1. Vital Signs: Disparities in Nonsmokers' Exposure to Secondhand Smoke - United States, 1999-2012. Homa DM, Neff LJ, King BA, Caraballo RS, Bunnell RE, Babb SD, Garrett BE, Sosnoff CS and Wang L. MMWR Morbidity and mortality weekly report. 2015;64:103-8.

  2. Prevalence and Determinants of Secondhand Smoke Exposure Among Middle and High School Students. Agaku IT, Singh T, Rolle I, Olalekan AY, King BA. Pediatrics. 2016;137(2).

  3. Predictors of Children's Secondhand Smoke Exposure at Home: A Systematic Review and Narrative Synthesis of the Evidence. Orton S, Jones LL, Cooper S, Lewis S and Coleman T. PLoS One. 2014;9:e112690.

  4. Parental Smoking During Pregnancy, Early Growth, and Risk of Obesity in Preschool Children: The Generation R Study. Durmus B, Kruithof CJ, Gillman MH, Willemsen SP, Hofman A, Raat H, Eilers PH, Steegers EA and Jaddoe VW. The American Journal of Clinical Nutrition. 2011;94:164-71.

  5. Maternal Cigarette Smoking is Associated with Reduced High-density Lipoprotein Cholesterol in Healthy 8-year-old Children. Ayer JG, Belousova E, Harmer JA, David C, Marks GB and Celermajer DS. European heart journal. 2011;32:2446-53.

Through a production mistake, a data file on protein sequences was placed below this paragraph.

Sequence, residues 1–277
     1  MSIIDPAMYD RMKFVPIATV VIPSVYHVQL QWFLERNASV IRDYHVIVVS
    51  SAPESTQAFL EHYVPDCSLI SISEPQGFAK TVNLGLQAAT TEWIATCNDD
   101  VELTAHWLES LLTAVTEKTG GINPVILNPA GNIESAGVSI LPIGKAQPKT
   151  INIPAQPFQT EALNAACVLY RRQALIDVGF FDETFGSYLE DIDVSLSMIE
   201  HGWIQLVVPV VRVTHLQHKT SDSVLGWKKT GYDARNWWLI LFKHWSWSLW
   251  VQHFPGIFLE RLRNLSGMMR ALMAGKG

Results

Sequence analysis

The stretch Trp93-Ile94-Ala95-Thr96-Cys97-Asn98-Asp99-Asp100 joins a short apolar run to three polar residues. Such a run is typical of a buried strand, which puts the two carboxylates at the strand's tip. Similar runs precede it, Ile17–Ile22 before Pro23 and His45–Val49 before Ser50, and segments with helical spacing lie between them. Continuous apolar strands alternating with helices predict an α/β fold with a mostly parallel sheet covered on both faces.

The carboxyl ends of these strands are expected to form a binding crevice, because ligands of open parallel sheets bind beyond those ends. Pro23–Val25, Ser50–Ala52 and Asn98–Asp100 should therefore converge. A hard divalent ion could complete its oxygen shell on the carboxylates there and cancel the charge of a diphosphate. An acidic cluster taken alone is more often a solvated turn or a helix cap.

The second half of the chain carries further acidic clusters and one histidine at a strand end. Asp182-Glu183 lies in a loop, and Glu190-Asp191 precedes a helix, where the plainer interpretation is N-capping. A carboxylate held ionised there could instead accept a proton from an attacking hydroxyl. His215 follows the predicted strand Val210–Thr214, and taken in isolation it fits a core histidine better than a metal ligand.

6. Determinants of Blood Pressure in Preschool Children: The Role of Parental Smoking. Simonetti GD, Schwertz R, Klett M, Hoffmann G, Schaefer F, Wuhl E. Circulation. 2011; 123:292-8. 

  7. Exposure to Parental Smoking in Childhood is Associated with Increased Risk of Carotid Atherosclerotic Plaque in Adulthood: The Cardiovascular Risk in Young Finns Study. West HW, Juonala M, Gall SL, et al. Circulation. 2015;131:1239–46. 

  8. Section on Tobacco Control. Public Policy to Protect Children From Tobacco, Nicotine, and Tobacco Smoke. Pediatrics. 2015; 136(5): 998-1007.

  9. Parental Smoking Cessation to Protect Young Children: A Systematic Review and Meta-analysis. Rosen, LJ, Noach MB, Winickoff JP, Hovell MF. Pediatrics. 2012; 129(1): 141-152.